Just recently, leaked data on the Steam Database briefly featured pricing and information on refurbished Steam Decks, before Valve took down everything. But today the manufacturer has officially unveiled the program on its site.
The site details how the refurbishing program works, as well as pricing and other info. And just as was reported before, you can save 25% off MSRP when purchasing a Steam Deck this way. Pricing, as was noted in the leaked page, is about the same as the new models during the Steam Deck’s first-ever sale, with the 64GB version priced at $319, the 256GB version at $419, and the 512GB version at $519.
It also comes with the same one-year warranty that the standard Steam Deck has, along with the carry case and power supplies of new models. Also, according to the site, refurbished Decks are extensively tested and repaired including a “complete factory reset, software update, and an extensive examination involving over 100 tests at one of Valve’s facilities.”
Currently, the cheapest model is sold out, though that’s the model you should be avoiding if you’re serious about investing in a proper portable gaming machine or an emulating, game-preserving savant. Thankfully the other two models are available for now, but Valve stated on its Twitter account that supplies would be limited, so “expect these to come in and out of stock as available.”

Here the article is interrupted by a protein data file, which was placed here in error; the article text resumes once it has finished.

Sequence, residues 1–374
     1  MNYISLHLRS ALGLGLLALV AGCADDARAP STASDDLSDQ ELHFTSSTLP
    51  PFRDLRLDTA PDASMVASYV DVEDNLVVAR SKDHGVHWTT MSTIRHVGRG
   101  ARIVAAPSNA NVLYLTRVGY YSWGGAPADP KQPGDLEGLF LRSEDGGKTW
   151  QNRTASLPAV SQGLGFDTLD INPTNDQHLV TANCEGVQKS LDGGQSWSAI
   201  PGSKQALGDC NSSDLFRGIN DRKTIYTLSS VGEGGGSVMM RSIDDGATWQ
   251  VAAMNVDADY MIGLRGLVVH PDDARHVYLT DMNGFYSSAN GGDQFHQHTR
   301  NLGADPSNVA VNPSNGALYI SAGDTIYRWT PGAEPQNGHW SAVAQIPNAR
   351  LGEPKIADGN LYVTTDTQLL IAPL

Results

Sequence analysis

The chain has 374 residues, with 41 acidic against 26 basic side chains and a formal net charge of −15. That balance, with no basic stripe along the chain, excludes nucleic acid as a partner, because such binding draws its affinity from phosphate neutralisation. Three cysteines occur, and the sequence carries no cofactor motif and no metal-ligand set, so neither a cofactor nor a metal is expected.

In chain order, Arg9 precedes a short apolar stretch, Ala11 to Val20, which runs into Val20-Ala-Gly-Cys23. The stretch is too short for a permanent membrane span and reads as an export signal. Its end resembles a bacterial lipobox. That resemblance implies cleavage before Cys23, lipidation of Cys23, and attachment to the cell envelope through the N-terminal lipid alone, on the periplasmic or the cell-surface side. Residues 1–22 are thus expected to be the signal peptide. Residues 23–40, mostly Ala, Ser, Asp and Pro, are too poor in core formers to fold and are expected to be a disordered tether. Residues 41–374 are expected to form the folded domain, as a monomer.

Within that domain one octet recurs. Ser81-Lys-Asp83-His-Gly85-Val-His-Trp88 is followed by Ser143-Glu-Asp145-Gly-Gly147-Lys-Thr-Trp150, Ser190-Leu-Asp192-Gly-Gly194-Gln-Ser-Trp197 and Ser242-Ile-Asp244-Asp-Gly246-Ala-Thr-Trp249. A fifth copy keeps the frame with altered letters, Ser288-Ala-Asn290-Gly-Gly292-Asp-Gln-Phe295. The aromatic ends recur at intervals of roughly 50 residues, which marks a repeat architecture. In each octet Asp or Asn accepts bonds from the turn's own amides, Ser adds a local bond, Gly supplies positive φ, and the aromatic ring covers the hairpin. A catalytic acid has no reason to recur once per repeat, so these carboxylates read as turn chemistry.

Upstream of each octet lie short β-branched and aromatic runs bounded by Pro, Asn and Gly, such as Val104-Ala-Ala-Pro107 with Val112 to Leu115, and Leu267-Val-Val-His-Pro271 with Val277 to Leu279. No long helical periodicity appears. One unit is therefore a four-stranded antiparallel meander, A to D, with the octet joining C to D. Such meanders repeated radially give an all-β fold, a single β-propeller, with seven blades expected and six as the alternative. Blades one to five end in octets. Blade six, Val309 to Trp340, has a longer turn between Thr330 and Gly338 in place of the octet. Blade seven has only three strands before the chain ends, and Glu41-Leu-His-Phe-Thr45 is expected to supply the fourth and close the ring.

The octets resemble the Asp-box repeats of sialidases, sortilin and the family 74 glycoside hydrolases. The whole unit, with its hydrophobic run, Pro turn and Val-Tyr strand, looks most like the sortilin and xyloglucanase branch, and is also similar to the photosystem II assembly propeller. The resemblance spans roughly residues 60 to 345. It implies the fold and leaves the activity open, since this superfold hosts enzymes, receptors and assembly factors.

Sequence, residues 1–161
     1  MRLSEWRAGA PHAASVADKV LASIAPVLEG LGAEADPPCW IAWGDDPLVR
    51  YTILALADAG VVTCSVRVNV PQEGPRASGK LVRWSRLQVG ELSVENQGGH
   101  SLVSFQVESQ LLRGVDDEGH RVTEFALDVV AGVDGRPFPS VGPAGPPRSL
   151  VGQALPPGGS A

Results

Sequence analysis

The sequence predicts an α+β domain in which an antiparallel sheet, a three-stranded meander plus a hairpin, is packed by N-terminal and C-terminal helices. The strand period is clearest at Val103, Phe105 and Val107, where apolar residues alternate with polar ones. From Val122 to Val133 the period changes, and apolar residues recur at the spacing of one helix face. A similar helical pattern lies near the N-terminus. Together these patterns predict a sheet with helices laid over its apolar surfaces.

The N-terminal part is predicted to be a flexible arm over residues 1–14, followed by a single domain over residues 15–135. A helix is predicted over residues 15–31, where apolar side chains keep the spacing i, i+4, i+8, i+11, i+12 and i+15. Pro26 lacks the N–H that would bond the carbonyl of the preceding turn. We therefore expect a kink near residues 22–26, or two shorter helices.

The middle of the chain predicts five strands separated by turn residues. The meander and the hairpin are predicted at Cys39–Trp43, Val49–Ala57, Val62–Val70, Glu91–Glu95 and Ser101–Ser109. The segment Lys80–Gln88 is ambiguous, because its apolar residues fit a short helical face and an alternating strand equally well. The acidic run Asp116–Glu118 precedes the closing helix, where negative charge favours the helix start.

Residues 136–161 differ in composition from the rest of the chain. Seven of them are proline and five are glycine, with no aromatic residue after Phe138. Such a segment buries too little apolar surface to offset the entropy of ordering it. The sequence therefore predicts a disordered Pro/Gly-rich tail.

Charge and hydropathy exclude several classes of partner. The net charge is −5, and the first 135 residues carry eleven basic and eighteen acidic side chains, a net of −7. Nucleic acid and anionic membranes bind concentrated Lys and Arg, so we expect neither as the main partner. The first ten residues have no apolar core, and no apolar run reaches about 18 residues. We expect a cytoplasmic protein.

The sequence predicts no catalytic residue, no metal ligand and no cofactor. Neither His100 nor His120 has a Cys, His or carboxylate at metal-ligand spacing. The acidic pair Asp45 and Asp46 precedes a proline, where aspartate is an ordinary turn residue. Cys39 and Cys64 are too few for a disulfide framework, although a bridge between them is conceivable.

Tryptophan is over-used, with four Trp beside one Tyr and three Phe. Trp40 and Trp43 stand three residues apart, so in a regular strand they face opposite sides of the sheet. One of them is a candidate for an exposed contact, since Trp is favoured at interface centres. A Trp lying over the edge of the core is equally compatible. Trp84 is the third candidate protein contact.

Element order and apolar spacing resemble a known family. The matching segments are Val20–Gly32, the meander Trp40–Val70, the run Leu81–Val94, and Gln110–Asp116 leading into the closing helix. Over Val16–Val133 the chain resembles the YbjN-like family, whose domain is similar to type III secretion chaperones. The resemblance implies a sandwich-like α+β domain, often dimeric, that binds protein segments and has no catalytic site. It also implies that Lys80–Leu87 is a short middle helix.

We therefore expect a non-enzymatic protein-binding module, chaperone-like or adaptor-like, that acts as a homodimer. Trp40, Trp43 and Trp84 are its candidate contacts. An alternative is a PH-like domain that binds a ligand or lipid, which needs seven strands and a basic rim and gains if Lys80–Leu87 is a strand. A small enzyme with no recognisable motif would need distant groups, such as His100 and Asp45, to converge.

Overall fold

And since Steam partnered with iFixit, buyers can easily repair any potential issues with ease and with the official support of Valve.
A great move from Valve
One of the biggest concerns after the Steam Deck refurbish program leaked was whether Valve was committed to the idea or was it simply a rejected concept. If it turned out to be the latter, it would have been quite a shame considering how much money Valve would have missed out on not forerunning the refurbishment market.
Valve selling refurbished Decks is not only a solid plan financially, but it’s a great way to maintain quality control. While the third-party used and refurbished console market has been thriving for decades, it can be wildly inconsistent by nature in terms of pricing, quality, and warranty coverage.
The 25% pricing was an excellent move on Valve’s part, making the refurbished versions that much more appealing for buyers on a budget who might be turned off by the normal price tag. It’s especially great for the cheapest model, making the Deck a very appealing portable machine for those who simply want to play low-end indie titles that don’t require much storage.
But having Valve’s backing on all three fronts will make this a much safer and more consistent endeavor. Hopefully, supplies will be able to at least somewhat cater to consumer demand.
This post originally appeared on TechToday.